The method agreement procedure
When running a factor analysis, one often needs to know how many components / latent variables to retain. Fortunately, many methods exist to statistically answer this question. Unfortunately, there is no consensus on which method to use. Therefore, the
n_factors() function, available in the psycho package, performs the method agreement procedure: it runs all the routines and returns the number of factors with the highest consensus.
# devtools::install_github("neuropsychology/psycho.R") # Install the last psycho version if needed library(tidyverse) library(psycho) results <- attitude %>% psycho::n_factors() print(results)
## The choice of 1 factor is supported by 5 (out of 9; 55.56%) methods (Optimal Coordinates, Acceleration Factor, Parallel Analysis, Velicer MAP, VSS Complexity 1).
We can have an overview of all values by using the
And, of course, plot it 🙂
The plot shows the number of methods (in yellow), the Eigenvalues (red line) and the cumulative proportion of explained variance (blue line).
For more details, we can also extract the final result (the optimal number of factors) for each method:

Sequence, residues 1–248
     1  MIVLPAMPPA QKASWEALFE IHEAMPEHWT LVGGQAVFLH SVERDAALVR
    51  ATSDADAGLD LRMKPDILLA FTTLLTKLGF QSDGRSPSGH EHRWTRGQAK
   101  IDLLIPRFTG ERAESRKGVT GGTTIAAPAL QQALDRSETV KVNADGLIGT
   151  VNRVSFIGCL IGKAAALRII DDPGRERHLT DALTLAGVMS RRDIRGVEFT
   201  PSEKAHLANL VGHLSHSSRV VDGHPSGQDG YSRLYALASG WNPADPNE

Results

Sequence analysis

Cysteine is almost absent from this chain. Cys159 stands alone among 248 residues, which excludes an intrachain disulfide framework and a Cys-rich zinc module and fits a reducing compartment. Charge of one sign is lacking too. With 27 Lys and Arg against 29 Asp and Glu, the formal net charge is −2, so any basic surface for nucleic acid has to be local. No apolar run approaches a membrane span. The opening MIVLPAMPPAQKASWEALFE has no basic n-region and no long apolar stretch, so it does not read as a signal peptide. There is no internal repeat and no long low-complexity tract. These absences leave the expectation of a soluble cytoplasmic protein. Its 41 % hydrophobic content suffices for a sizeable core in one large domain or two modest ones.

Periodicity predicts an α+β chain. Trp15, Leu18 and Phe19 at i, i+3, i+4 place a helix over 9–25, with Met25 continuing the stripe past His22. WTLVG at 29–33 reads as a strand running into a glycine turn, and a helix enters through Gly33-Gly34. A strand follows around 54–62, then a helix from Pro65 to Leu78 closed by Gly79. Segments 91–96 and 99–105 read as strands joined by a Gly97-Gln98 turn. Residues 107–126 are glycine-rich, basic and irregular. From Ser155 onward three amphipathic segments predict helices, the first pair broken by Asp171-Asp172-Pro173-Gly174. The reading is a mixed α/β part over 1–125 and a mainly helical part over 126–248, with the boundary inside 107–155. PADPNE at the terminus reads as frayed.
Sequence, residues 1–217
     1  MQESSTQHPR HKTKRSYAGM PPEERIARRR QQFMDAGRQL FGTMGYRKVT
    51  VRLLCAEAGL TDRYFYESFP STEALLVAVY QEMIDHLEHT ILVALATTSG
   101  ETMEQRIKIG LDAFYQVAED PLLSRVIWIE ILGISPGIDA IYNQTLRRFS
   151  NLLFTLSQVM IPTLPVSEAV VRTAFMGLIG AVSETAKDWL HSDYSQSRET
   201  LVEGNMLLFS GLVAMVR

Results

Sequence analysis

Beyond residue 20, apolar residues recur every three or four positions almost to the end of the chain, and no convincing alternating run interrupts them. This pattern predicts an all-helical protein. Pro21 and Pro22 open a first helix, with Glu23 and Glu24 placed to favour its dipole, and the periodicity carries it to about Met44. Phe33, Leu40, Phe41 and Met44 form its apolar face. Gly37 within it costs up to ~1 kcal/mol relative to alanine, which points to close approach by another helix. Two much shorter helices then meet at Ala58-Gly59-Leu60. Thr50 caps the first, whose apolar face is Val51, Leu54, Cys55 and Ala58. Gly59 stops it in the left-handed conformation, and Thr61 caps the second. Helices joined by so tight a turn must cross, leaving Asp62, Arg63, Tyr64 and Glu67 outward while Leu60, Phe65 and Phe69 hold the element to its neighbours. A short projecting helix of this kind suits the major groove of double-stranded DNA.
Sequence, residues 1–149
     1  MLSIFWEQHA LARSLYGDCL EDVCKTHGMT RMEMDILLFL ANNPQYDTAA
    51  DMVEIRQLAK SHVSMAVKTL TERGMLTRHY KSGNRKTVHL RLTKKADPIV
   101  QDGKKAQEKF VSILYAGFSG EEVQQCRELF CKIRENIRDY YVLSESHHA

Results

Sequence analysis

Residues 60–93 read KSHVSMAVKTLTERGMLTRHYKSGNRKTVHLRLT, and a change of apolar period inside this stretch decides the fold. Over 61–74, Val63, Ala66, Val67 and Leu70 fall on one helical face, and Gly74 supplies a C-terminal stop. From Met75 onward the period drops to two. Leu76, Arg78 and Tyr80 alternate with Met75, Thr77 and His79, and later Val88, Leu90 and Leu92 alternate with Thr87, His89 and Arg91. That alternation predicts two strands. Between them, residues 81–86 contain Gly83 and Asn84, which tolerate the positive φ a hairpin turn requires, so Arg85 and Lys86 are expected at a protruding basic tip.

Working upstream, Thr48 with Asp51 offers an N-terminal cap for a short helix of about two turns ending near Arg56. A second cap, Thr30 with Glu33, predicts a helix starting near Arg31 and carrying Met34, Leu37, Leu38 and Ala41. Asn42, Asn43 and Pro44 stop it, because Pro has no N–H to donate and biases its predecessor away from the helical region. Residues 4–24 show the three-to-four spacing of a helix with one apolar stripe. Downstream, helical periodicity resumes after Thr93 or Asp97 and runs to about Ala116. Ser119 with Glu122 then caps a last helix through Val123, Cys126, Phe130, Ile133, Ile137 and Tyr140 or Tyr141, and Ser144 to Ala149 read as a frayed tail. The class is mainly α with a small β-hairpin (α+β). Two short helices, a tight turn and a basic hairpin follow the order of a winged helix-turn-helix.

|Eigenvalues (Kaiser Criterion)||2|
|Sample Size Adjusted BIC||3|
|VSS Complexity 1||1|
|VSS Complexity 2||2|
We can also provide a correlation matrix, as well as changing the rotation and the factoring method.
df <- psycho::affective cor_mat <- psycho::correlation(df) cor_mat <- cor_mat$values$r results <- cor_mat %>% psycho::n_factors(rotate = "oblimin", fm = "mle", n=nrow(df)) print(results)
## The choice of 2 factors is supported by 5 (out of 9; 55.56%) methods (Parallel Analysis, Eigenvalues (Kaiser Criterion), BIC, Sample Size Adjusted BIC, VSS Complexity 2).
This package helped you? Don’t forget to cite the various packages you used 🙂
You can cite
psycho as follows:
- Makowski, (2018). The psycho Package: an Efficient and Publishing-Oriented Workflow for Psychological Science. Journal of Open Source Software, 3(22), 470. https://doi.org/10.21105/joss.00470